State of (Deterrence by) Denial
The Washington Quarterly
By: Rep. Mike Gallagher
July 1, 2019
Great power competition is all the rage. The 2017 National Security Strategy (NSS) and the 2018 National Defense Strategy (NDS) both argue that the United States’ central challenge is the reemergence of strategic competition with revisionist powers (China and, to a considerably more limited degree, Russia). The Commission on the National Defense Strategy for the United States (NDS Commission)—a Congressionally-mandated, independent review of the NDS—applauds “the priority the NDS places on competition with China and Russia as the central dynamic in shaping and sizing U.S. military forces and in U.S. defense strategy more broadly.” As former National Security Adviser H.R. McMaster put it: “Geopolitics are back … with a vengeance, after this holiday from history we took in the so-called post-Cold War period.”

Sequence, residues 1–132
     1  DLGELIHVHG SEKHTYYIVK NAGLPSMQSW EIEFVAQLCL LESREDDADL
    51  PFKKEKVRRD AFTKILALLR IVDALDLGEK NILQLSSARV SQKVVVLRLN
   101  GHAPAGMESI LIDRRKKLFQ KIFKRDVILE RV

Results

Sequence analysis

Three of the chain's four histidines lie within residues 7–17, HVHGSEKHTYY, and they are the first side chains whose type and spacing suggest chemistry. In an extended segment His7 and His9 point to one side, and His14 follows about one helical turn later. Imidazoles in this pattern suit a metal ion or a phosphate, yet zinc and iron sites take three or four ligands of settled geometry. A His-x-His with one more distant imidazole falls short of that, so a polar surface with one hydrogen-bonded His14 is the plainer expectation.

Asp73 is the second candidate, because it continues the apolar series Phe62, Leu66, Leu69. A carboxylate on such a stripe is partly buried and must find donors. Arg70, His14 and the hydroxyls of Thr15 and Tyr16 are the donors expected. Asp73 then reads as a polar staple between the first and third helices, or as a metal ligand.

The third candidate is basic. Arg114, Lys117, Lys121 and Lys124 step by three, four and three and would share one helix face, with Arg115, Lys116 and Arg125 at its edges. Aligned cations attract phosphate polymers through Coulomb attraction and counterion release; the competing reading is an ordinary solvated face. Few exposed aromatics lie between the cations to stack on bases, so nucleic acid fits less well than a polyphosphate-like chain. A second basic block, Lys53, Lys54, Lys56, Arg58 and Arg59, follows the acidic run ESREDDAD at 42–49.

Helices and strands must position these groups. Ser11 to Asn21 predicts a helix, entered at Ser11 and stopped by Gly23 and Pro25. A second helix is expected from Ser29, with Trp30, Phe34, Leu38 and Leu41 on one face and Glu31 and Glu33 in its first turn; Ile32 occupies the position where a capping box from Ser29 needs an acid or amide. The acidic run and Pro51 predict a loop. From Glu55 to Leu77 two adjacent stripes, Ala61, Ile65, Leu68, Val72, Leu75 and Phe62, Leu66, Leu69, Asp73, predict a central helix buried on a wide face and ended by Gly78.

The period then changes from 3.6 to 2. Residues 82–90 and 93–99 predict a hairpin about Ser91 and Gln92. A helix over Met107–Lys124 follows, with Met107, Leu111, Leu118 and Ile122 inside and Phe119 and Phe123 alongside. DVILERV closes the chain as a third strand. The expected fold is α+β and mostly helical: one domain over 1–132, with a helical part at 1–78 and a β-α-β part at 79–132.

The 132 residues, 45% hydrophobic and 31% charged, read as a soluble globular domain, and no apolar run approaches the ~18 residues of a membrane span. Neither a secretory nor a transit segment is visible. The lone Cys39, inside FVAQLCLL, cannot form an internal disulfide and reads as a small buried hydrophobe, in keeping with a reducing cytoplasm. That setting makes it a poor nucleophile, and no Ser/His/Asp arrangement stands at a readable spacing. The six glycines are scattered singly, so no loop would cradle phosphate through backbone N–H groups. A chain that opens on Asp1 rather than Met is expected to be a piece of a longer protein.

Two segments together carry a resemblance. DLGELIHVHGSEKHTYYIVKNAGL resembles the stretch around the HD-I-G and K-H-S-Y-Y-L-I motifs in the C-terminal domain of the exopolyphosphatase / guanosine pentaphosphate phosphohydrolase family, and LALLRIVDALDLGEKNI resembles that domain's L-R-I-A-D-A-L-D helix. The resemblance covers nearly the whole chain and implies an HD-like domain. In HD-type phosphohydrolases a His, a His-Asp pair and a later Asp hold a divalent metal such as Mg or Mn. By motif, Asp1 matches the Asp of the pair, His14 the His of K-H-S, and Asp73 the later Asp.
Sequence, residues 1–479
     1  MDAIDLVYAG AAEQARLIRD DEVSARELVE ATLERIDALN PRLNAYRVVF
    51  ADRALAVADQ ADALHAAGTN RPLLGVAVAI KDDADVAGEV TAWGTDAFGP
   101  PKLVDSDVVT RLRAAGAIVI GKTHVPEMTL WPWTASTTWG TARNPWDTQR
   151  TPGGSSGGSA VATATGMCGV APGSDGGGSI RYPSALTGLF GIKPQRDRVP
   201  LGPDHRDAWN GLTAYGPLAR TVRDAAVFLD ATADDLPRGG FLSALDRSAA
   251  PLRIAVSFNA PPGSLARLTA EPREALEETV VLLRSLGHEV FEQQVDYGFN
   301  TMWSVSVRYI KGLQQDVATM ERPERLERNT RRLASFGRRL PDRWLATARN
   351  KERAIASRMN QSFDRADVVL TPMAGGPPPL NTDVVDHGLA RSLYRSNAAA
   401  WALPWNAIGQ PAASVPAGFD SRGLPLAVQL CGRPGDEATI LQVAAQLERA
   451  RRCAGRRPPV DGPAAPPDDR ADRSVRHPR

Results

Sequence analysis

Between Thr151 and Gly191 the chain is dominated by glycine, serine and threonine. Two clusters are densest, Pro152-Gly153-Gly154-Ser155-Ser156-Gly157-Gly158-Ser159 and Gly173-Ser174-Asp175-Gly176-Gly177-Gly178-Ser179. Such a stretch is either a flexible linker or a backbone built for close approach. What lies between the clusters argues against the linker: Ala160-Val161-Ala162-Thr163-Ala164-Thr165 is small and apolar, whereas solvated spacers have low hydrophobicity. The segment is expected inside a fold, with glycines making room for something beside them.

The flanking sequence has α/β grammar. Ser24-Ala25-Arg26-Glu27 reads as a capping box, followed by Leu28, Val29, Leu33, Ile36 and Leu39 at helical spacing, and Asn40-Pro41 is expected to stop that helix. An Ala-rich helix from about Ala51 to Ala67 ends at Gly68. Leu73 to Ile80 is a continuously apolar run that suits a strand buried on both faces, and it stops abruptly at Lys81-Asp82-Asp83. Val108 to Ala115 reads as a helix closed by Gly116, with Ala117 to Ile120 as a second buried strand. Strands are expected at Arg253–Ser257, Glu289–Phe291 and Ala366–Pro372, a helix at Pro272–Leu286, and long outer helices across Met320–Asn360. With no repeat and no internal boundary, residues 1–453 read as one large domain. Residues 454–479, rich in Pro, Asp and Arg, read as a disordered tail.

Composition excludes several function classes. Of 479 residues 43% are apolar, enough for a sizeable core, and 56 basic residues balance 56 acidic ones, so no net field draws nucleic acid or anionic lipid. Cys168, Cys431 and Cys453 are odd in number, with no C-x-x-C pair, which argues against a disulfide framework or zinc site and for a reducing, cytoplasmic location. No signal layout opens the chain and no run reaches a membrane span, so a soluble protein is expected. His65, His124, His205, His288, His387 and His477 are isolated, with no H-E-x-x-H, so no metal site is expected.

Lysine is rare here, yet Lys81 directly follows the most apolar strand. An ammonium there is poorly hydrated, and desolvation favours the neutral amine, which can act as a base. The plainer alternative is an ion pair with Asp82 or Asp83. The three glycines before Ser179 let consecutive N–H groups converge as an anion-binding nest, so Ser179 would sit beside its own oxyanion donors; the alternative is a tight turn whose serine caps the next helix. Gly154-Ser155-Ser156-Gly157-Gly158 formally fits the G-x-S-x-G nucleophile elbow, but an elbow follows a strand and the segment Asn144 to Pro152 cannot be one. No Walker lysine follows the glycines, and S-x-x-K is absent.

Great power competition can mean many things, from assuring economic reciprocity to avoiding nuclear war, but it boils down to the United States’ ability to deter China and Russia from attacking the United States and our allies or established partners. For example, Washington does not want China to invade Taiwan, nor Russia to invade the Baltic states. Deterring China and Russia from doing such things, however, is difficult today due to the relative decrease in U.S. economic power and military capability. The era of U.S. military dominance—when the United States could count on controlling the air, land, sea, space, and cyberspace—is over. More capable adversaries plus declining American dominance add up to less favorable balances of power and less confident allies in key regions of the world.
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